In June last year, China announced it had finished installing televisions in every one of Tibet’s nearly 1,800 Buddhist monasteries, a policy that took three-and-a-half years to implement. Many monks were required to ship television sets on horseback across high Himalayan passes.
Far from providing Tibetan monks with entertainment, the move was designed to prevent televisions from displaying images of the Dalai Lama inside monasteries.
“By listening to the radio and watching television, monks and nuns have a more intuitive understanding of the party and country’s policies, laws and regulations, ethnic policies and religious policies,” reported the state-run Tibet Daily.
During the same period, authorities posted notices in monasteries warning of fines of 5,000 yuan (US$800) to those that did not get rid of old satellite television systems. Many were able to pick up Tibetan news from exiled broadcasters based outside of China including Radio Free Asia — funded by the U.S. government — which began its first satellite bulletin during the Tibetan New Year last February.
“The Chinese government is trying really hard to try to stop Tibetans from getting any information from outside,” Tsering Tsomo, director of the Tibetan Center for Human Rights and Democracy based in Dharamsala, India, told ucanews.com during the campaign last year.
Instead of displaying images of the Dalai Lama, Buddhist monasteries have recently been ordered to display images of Communist Party leaders and Chinese flags instead.
Earlier this month, 70-year-old monk Trigyal died in detention after being accused of throwing Chinese flags into a river instead of installing them on a monastery in Driru County. He served two years of a 13-year prison sentence.
“Making the Tibetan people choose between the Dalai Lama and the Communist Party when there is space and opportunity to coexist only leads to deepening the wound in the hearts of the Tibetan people,” said Bhuchung Tsering, vice president of the International Campaign for Tibet based in Washington D.C. “China does not care about the Tibetan way of life.”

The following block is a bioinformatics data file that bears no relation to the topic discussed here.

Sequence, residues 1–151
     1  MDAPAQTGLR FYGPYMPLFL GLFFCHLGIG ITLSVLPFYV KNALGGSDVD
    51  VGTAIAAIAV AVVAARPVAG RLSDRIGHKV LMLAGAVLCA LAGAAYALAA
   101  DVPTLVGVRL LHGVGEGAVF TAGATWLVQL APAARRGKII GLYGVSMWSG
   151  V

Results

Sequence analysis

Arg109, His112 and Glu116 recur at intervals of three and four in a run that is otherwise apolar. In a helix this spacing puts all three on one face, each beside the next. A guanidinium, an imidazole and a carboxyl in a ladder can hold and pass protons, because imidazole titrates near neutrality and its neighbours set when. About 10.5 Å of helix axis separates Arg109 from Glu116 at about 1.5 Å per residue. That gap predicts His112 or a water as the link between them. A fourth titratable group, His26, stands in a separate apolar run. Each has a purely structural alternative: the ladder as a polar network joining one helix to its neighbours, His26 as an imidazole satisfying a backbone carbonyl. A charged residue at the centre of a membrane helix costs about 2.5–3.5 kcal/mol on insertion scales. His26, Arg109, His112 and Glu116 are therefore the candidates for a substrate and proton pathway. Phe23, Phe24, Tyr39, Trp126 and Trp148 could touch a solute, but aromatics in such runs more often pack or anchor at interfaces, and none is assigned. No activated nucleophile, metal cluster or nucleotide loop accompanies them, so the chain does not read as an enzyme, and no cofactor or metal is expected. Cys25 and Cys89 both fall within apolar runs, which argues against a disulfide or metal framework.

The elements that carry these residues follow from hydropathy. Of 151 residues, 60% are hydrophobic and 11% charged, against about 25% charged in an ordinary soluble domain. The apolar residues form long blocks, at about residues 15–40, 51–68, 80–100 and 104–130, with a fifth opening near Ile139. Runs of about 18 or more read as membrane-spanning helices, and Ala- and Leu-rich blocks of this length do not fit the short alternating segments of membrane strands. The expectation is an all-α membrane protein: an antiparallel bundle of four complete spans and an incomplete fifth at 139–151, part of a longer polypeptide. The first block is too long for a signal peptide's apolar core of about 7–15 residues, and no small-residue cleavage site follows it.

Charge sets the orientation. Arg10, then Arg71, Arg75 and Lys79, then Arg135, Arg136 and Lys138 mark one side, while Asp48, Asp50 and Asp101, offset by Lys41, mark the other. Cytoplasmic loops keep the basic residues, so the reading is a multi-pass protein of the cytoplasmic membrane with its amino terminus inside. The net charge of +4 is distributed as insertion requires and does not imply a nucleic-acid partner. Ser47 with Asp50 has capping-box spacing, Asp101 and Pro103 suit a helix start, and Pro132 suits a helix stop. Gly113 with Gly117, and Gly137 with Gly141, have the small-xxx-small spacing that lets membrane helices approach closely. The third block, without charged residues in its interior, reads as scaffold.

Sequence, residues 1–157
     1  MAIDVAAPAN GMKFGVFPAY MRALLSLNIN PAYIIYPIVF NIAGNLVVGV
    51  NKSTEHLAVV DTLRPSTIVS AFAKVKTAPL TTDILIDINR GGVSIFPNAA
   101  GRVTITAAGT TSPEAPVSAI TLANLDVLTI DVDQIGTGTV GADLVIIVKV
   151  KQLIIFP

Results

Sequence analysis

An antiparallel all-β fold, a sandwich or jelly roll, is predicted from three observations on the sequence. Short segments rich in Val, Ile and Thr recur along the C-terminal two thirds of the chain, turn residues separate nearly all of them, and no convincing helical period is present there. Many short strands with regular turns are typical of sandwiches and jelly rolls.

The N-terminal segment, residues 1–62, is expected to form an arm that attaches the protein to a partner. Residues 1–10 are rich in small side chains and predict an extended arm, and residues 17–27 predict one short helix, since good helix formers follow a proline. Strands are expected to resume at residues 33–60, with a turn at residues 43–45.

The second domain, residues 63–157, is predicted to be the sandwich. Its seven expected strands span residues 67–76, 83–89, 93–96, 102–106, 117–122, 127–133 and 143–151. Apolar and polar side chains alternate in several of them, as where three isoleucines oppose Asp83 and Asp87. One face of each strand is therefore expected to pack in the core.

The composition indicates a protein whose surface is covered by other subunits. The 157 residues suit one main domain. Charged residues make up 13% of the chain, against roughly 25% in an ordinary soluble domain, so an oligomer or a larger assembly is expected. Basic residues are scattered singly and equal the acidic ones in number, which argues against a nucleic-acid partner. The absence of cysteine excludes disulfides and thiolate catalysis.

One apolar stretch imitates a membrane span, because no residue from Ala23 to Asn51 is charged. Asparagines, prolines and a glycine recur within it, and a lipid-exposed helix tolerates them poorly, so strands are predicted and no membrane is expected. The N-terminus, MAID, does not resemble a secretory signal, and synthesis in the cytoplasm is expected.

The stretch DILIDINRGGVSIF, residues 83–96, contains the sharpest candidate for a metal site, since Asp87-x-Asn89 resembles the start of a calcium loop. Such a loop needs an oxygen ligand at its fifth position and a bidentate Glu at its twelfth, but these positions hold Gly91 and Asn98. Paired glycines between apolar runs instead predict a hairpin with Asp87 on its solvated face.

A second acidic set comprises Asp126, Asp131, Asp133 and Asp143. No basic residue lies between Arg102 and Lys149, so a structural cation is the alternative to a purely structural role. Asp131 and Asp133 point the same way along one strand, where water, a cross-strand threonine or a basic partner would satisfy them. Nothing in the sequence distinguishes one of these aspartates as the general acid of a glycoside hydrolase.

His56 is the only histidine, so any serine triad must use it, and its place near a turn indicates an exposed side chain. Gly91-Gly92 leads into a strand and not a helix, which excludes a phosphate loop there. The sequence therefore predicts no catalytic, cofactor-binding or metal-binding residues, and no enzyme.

On occasions authorities have proven unusually tolerant of the Dalai Lama’s image, however. In mid-2013, international media and campaign groups started reporting that authorities had started to allow veneration of the Dalai Lama in monasteries including in Lhasa, Tibet’s capital, for the first time in 17 years — a move denied by authorities in Beijing.
Then in July last year, his image was “generally well tolerated” as Tibetan’s marked the spiritual leader’s 80th birthday, Currie said.
With so little information coming out of Tibet and a lack of transparency from authorities, it remains difficult to know why enforcement of a ban on the Tibetan spiritual leader’s image has been so erratic, he added.
“Trying to prevent celebrations would simply cause more trouble for local authorities that it was worth,” said Currie.
It’s a point that highlights the extent to which Beijing has tried to calibrate a policy that tries to diminish the influence of the exiled Tibetan spiritual leader without inciting ordinary people into cyclical rioting that has been a feature of 70 years of rule by the Chinese Communist Party.
This policy has been a total failure, said Golog Jigme, an exiled Tibetan monk who managed a long and arduous escape to India in May 2014. In mid-February, he appeared in Berlin and met with members of Germany’s parliament to warn of “appalling Chinese policies in Tibet.”
The reason he decided to flee — thereby creating yet another propaganda disaster for Beijing — was straightforward: Chinese military raided his monastery in Qinghai province, smashing and burning images of the Dalai Lama, he said.
“After each and every experience of these crackdowns there will be even bigger pictures of the Dalai Lama, even better frames and more beautiful portraits that we will hang on our walls,” he added. “Because this really strengthens our determination to show that, actually, we are not afraid.”